On February 19, 2023, torrential rain pounded São Paulo, a state in southeast Brazil. The water saturated soils and led to deadly flooding and landslides in the region.
The coastal municipality of São Sebastião was among the hardest-hit areas. This image (right), acquired on February 26, 2023, with the Operational Land Imager (OLI) on Landsat 8, shows numerous landslides across the hilly landscape between São Sebastião’s beach communities of Jaqueí and Praia da Baleia. The other image (left), acquired with OLI-2 on Landsat 9, shows a more typical view of the same area several months before the storm.
“Areas with very dense concentrations of landsliding, as seen here, are quite unusual but not unprecedented,” said Robert Emberson, a landslide expert with NASA’s Earth Applied Sciences Disasters program area. He added that landslide events of this extent require extremely intense localized rainfall.
That’s what happened in São Paulo when a storm delivered a huge amount of rain in a short amount of time. According to news reports, parts of the state saw more than 680 millimeters (26 inches) in a single day, exceeding the 24-hour rainfall record in some of the affected areas.
“South Brazil is a bit of a landslide hotspot at this time of year; high seasonal rainfall, combined with steep slopes, lead to characteristically high landslide hazards,” Emberson said. “This amount of rainfall will leave nearly all of the hillslopes saturated, destabilizing the soils and underlying bedrock. Unfortunately, these landslides have also impacted homes and infrastructure, leading to major loss of life.”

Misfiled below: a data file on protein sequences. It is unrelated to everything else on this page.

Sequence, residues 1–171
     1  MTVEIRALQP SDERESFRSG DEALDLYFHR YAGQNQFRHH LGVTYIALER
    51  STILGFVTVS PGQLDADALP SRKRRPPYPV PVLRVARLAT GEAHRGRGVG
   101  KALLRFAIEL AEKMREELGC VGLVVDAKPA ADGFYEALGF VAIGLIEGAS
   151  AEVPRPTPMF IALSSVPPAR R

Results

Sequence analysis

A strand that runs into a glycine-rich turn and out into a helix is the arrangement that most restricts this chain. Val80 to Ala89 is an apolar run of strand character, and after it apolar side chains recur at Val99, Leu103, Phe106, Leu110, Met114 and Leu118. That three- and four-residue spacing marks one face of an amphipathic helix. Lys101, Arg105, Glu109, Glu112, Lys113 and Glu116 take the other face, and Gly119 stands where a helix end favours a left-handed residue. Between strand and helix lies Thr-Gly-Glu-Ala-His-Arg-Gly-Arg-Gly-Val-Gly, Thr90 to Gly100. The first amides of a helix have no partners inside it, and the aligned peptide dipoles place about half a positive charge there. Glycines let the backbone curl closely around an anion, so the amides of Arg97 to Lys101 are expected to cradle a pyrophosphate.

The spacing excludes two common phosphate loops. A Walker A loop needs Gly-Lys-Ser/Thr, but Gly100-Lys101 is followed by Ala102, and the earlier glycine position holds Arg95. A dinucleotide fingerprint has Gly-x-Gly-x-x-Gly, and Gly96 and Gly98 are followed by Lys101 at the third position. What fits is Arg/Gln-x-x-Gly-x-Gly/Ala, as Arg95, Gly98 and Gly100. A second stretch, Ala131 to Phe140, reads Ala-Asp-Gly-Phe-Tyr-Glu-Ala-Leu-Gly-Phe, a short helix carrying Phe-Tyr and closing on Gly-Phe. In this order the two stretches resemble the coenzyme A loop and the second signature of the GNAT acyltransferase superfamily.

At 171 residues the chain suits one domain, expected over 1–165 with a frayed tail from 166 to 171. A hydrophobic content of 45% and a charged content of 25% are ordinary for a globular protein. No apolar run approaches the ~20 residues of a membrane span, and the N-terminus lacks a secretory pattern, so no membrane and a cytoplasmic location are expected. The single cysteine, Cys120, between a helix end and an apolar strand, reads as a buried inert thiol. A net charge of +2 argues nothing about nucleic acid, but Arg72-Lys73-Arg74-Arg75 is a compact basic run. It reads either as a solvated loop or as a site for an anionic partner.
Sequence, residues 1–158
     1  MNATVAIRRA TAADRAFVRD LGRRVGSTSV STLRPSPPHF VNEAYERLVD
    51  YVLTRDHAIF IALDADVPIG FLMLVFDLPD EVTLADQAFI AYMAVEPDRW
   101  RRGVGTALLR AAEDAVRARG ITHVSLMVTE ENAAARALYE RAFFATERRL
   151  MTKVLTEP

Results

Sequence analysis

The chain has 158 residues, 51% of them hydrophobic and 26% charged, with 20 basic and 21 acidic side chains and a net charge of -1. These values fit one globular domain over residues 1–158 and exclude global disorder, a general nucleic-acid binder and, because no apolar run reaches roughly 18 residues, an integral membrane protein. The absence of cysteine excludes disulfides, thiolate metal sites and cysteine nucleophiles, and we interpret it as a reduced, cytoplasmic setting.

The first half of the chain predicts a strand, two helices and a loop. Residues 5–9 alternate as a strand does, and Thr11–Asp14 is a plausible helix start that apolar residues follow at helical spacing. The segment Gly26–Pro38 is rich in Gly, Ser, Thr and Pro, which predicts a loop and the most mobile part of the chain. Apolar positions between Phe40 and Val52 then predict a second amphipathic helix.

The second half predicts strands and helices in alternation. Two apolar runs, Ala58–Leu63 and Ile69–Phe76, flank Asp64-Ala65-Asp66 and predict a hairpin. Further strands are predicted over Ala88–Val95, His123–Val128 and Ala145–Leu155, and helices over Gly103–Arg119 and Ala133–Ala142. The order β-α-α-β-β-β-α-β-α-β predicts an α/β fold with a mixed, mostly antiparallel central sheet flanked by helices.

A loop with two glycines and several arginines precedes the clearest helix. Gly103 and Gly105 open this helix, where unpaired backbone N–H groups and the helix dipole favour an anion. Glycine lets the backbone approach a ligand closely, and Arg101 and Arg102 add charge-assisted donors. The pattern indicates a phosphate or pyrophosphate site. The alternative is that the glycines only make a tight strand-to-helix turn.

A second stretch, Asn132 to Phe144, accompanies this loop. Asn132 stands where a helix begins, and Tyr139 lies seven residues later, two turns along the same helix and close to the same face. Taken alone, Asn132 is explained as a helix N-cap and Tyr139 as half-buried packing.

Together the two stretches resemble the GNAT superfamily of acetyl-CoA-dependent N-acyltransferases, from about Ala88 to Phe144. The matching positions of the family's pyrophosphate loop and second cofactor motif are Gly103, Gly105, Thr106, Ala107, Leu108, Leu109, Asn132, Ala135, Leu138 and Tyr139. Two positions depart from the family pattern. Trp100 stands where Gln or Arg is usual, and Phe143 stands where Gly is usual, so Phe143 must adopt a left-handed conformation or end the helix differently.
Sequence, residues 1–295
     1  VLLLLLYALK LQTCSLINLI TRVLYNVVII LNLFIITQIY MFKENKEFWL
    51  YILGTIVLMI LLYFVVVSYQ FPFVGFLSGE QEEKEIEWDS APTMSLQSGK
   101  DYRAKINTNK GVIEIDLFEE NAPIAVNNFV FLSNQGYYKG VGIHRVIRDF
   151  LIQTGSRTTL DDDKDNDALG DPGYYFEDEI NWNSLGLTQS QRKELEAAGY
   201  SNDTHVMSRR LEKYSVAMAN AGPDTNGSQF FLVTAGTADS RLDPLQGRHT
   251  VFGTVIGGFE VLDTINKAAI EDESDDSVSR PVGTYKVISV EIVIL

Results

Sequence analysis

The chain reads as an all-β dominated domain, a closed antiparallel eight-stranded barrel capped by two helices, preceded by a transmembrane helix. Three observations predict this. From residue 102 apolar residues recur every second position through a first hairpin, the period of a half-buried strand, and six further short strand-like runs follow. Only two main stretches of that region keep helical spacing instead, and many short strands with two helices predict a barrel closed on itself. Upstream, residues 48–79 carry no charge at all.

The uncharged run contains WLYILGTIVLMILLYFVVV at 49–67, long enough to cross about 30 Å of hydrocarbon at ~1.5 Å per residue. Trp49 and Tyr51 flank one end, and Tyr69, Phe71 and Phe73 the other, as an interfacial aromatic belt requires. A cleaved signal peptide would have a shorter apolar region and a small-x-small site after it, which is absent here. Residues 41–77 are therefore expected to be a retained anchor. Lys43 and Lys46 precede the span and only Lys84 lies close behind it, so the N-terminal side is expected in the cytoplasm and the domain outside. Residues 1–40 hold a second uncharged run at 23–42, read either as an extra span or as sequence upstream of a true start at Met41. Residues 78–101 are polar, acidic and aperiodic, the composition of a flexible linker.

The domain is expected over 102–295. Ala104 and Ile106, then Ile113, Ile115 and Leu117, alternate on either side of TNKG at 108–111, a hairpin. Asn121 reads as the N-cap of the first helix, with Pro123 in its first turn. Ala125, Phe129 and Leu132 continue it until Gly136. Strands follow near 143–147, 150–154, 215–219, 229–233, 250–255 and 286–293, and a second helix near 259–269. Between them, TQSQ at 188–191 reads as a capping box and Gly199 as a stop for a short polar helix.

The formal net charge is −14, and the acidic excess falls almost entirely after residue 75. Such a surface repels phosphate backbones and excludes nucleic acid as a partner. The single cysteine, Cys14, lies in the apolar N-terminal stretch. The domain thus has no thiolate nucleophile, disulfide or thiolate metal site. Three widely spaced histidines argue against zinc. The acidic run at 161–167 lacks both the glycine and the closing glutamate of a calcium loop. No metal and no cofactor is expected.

The landslides are most visible in the forested areas where the orange-red color of the soil contrasts with green forested areas. More detailed satellite images show the landslides affected urban areas as well. According to the International Charter Space and Major Disasters, landslides in this area likely destroyed several buildings and blocked parts highway SP-55 (BR-101).
In an effort led by Dalia Kirschbaum, Earth science director and landslides expert at NASA’s Goddard Space Flight Center, NASA scientists have worked closely for several years with the city government in Rio de Janeiro (northeast of São Paulo) to help put satellite data to use in warnings for flooding and landslides.
“São Paulo state sits outside of the area where we have conducted this work,” Emberson said. “But it shares much of the same geographic and climatic propensity for extensive landsliding.”
NASA Earth Observatory images by Allison Nussbaum, using Landsat data from the U.S. Geological Survey. Story by Kathryn Hansen.
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